Although this is still clearly Handel, he has been made to speak with a fairly thick Viennese accent.

What makes Messiah into Der Messias has less to do with Mozart’s cuts than with the extraordinary orchestral additions that he introduces. Some of these may not be so immediately striking: the doubling of the lower choral parts by trombones, for instance, which continues a standard Viennese church-music practice. But what is immediately apparent, and quite astonishing, is how Mozart transforms the textures of Handel’s arias. What had been a simple orchestration of strings, two oboes, and bassoon, with occasional trumpets and timpani (a model of restraint for Handel) is now something much more complex and deeply Mozartian.

Echoes of the Magic Flute and Don Giovanni abound in the filigree of woodwind writing that Mozart works around Handel’s supple string lines; listen especially for the deft commentary Mozart invents for the bassoon. These additions often elaborate imaginatively on Handel’s harmonies and in some cases even force the singers to cut back on their customary moments of display. Mozart tends to compose through the empty bar intended by Handel for a singer’s cadenza, leaving the singer little time for anything but a trill, and even there the soloists may well find themselves trilling along with some newly accompanying woodwinds.

What is interesting about many of these additions is that they make vivid a side of Handel’s religious music that we tend to forget: In fact, Messiah owes as much to the traditions of opera seria as to church music. (One of Handel’s librettists described the oratorio as a genre “in which the Solemnity of Church-Musick is agreeably united with the most pleasing Airs of the Stage.”) The world of the opera seria, after all, was still very much alive and well in Mozart’s Vienna. So it is enlightening to hear how Mozart’s additions reveal “Why do the nations” (for example) as the rage-aria that we have forgotten it is, even if somehow the specter of Donna Elvira or the Queen of the Night lurks behind the sacred tableau.

Echoes of the Magic Flute and Don Giovanni abound in the filigree of woodwind writing that Mozart works around Handel’s supple string lines.

Of course, part of the reason Mozart’s reworkings succeed so well is because he is so masterful a composer himself, and much of his mastery here lies in recognizing the power of Handel’s effects and leaving many of them untouched. Most of the accompanied recitatives are left as Handel composed them, as is the overture itself (with only the addition of brass to double the string parts in the opening section). And the choruses are often simply reinforced with doublings from the brass and winds. But although this is still clearly Handel, there is no doubt that he has been made to speak with a fairly thick Viennese accent. The question of how appropriate this adaptation might be was raised only when Mozart’s version (with further additions by Hiller) was performed at London’s Covent Garden in 1805. Following its premiere, the Sun politely remarked that “we entertain a very high respect for the genius of Mozart, but we also hold the unrivalled powers of Handel in due reverence, and therefore must enter our protest against any such alterations in works that have obtained the sanction of time and of the best musical judges.”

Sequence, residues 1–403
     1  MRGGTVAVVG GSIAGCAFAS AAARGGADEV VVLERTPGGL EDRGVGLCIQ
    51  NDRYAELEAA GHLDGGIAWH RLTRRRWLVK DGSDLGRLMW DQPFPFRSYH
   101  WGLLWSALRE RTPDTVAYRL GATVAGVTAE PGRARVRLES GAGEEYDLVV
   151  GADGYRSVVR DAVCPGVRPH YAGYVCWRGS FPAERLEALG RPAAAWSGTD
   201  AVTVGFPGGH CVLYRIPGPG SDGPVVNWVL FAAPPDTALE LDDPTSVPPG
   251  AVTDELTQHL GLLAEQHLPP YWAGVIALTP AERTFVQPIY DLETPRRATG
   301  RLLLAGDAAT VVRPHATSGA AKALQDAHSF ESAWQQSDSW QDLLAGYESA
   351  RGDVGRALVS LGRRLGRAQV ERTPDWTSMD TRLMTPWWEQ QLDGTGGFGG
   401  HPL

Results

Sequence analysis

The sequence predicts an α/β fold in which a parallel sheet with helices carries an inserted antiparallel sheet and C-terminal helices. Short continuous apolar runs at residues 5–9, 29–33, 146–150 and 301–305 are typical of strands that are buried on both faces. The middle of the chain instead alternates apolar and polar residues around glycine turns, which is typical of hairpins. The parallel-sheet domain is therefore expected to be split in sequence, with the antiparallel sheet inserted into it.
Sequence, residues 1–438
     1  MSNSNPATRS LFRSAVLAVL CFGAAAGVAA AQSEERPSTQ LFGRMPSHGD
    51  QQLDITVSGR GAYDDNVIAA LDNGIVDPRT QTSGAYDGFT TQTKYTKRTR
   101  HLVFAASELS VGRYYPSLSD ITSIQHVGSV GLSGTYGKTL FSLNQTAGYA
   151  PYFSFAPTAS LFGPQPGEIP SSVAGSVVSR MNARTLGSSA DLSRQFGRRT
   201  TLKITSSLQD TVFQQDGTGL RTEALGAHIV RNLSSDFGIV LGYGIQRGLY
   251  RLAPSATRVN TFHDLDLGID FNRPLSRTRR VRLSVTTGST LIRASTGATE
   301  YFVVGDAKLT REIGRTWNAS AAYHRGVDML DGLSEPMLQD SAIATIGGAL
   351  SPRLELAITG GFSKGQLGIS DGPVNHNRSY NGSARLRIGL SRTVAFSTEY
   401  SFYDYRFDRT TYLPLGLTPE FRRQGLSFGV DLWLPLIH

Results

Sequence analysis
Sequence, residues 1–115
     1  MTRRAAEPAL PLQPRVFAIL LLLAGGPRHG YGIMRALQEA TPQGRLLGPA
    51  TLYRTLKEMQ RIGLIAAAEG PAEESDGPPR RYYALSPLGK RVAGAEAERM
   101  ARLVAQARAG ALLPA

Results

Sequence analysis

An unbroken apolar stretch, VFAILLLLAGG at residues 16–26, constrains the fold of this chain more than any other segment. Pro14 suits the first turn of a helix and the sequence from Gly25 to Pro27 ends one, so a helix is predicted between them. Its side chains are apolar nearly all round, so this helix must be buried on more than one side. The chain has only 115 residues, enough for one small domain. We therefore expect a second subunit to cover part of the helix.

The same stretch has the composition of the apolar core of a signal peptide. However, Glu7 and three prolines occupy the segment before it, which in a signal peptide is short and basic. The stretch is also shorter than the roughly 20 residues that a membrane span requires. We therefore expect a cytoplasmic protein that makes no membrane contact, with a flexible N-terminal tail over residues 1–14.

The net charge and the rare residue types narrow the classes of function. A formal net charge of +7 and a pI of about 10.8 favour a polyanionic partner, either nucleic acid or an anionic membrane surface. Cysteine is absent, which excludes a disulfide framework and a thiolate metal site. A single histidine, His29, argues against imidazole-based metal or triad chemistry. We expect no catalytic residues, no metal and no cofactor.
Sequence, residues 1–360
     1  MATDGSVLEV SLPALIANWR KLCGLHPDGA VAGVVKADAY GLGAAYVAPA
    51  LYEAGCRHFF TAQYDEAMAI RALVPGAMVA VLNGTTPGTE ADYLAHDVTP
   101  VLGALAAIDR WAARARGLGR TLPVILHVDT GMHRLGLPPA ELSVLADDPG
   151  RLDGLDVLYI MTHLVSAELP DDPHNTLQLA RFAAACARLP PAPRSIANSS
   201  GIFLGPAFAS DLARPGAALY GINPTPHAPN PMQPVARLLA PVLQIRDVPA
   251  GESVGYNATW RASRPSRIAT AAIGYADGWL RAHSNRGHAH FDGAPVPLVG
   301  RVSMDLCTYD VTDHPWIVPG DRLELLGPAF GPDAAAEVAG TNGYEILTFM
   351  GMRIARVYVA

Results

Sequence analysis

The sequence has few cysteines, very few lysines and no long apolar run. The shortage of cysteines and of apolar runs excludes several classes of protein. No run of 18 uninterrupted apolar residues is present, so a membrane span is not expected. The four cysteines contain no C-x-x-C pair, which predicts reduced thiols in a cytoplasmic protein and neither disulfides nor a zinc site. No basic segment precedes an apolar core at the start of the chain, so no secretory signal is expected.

Times change, tastes change: Soon the English were happily accepting a Handel of such colossal proportions and orchestrations that his “unrivalled powers” were very nearly drowned out in a sea of grandiosity. Now, of course, we enjoy a very different perspective, one where we can hear that all performances are historically informed, only some haven’t realized it yet: A modern symphony performing Handel as they would Brahms is one tradition, a baroque orchestra giving an account of a particular eighteenth-century performance is another. In these concerts we will have the pleasure of a third way, a historically informed performance of one great composer’s encounter with another. And this has the best effect of all on us: It makes the music new to us again.

Robert Mealy teaches workshops on historical string techniques and improvisation throughout the United States and Mexico and has lectured and taught at Yale, Brown, Columbia, Oberlin and the University of California–Berkeley. He is non-resident tutor of music at Harvard College, where he directs the Harvard Baroque Chamber Orchestra.

These notes on Handel and Mozart are copyright ©2001 by Robert Mealy. They appear here by permission of the author and may not be further distributed or published without the author’s consent.